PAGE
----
# Slow light and resonance phenomena in photonic crystals

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Slow light and resonance phenomena in photonic crystals
September 2005 Slow light and resonance phenomena in photonic crystals Alex Figotin & Ilya Vitebskiy University of California at Irvine Supported by AFOSR

What are photonic crystals?
Simplest examples of periodic dielectric structures 1D periodicity 2D periodicity n1 n2 Each constitutive component is perfectly transparent, while their periodic array may not transmit E.M. waves of certain frequencies (frequency gaps).

(k) k (k) k 1 2 In uniform media, for any given direction of wave propagation we have exactly 4 Bloch waves with 2 different polarization and two opposite directions of propagation. In PC we have totally different picture: - strong space dispersion - band gaps, implying that at certain frequencies, some of the Bloch solutions are evanescent. Typical k   diagram of a uniform anisotropic medium for a given direction of k. 1 and 2 denote two polarizations. Typical k   diagram of a photonic crystal for a given direction of Bloch wave vector k

Slow light in photonic crystals: stationary points of dispersion relations
Fragment of dispersion relation with stationary points a, g and 0. ω k g a Every stationary point of the dispersion relation (k) is associated with slow light. But there are some important differences between these cases.

What happens if the incident light frequency coincides with that of a slow mode?
Reflected wave Incident wave of frequency s Passed slow mode Semi-infinite photonic crystal Will the incident light with the slow mode frequency s be converted into the slow mode inside the photonic crystal, or will it be reflected back to space? The answer depends on what kind of stationary point is associated with the slow mode.

In case g of a band edge, all incident light with  = g is reflected back to space. The fraction of the incident wave energy converted to the slow mode vanishes as  → g . In case a of an extreme point, the incident light with  = a is partially reflected and partially transmitted inside in the form of the fast propagating mode. The fraction of the incident wave energy converted to the slow mode vanishes as  → a. In case 0 of stationary inflection point a significant fraction of incident light can be converted to slow mode, constituting the so-called frozen mode regime. Fragment of dispersion relation with stationary points a, g and 0. ω k g a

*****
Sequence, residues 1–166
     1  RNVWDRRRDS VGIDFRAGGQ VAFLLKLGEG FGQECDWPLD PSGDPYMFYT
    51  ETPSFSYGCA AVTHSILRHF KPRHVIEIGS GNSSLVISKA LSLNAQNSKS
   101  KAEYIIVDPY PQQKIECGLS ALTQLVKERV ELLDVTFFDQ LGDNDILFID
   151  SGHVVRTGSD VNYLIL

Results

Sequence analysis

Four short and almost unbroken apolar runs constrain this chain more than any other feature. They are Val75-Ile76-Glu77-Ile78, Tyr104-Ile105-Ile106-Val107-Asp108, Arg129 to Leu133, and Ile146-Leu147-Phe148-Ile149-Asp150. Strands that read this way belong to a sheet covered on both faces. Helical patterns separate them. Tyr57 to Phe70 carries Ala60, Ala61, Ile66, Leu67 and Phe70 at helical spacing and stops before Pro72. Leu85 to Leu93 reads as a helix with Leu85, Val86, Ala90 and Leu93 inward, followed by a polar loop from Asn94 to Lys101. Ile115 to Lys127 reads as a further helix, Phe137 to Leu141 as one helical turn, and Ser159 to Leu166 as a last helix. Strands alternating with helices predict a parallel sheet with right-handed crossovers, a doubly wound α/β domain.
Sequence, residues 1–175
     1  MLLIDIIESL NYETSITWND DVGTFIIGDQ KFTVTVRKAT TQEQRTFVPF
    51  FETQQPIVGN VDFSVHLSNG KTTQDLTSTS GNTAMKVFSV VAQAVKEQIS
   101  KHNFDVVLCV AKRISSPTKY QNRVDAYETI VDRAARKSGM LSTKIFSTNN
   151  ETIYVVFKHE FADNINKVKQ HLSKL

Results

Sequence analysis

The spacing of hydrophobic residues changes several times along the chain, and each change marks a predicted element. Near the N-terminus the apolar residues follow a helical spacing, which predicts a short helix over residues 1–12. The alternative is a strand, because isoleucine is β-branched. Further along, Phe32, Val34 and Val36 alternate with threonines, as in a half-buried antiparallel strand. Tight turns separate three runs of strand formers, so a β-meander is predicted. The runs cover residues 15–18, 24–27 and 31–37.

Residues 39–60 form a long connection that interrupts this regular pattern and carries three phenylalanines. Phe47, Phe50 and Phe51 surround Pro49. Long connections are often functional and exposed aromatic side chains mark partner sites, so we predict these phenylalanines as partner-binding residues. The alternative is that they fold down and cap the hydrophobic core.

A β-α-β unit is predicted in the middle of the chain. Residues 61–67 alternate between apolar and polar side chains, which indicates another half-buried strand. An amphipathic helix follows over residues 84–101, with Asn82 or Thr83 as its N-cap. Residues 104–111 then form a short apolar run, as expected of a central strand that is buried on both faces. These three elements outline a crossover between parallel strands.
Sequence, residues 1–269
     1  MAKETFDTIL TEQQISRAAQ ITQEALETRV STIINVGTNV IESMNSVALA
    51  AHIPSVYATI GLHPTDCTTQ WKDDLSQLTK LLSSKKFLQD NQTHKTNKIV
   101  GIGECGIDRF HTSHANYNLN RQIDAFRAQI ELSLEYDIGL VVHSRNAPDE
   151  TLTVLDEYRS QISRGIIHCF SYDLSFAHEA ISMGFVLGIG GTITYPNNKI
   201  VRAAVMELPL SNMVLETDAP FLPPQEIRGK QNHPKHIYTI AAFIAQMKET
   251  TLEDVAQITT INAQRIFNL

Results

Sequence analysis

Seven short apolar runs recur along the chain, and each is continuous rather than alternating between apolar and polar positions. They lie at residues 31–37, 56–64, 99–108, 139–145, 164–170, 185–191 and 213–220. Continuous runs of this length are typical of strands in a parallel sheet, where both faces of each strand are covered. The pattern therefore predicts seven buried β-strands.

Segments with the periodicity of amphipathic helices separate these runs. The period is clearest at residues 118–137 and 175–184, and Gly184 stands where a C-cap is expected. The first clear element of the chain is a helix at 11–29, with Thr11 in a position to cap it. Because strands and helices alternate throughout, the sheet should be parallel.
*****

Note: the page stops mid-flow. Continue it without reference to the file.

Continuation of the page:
Slow mode amplitude at steady-state regime
Incident wave SI Reflected wave SR Lossless semi-infinite photonic slab Transmitted slow mode ST ω k g

k ω g Band edge

Stationary inflection point
k ω Stationary inflection point

k ω d Degenerate band edge

Space structure of the frozen mode
Incident wave ΨI Reflected wave ΨR Lossless semi-infinite photonic slab Transmitted slow mode ΨT

Distribution of EM field and its propagating and evanescent components inside semi-infinite slab at frequency  close (but not equal) to 0 . The amplitude of the incident light is unity !!! a) resulting field |T (z)|2 = |pr (z) + ev (z) |2, b) extended Bloch component |pr (z) |2 , c) evanescent Bloch component |ev (z) |2 . As  approaches 0 , |pr |2 diverges as (0  )2/3 and the resulting field distribution |T (z) |2 is described by quadratic parabola.

Summary of the case of a plane EM wave incident on semi-infinite photonic crystal:
- If slow mode corresponds to a regular photonic band edge, the incident light of the respective frequency is totally reflected back to space without producing the slow mode in the periodic structure. - The incident light can be linearly converted into a slow mode only in the vicinity of stationary inflection point (the frozen mode regime). - If slow mode corresponds to degenerate photonic band edge, incident light of the respective frequency is totally reflected back to space. But in a steady-state regime it creates a diverging frozen mode inside the photonic crystal.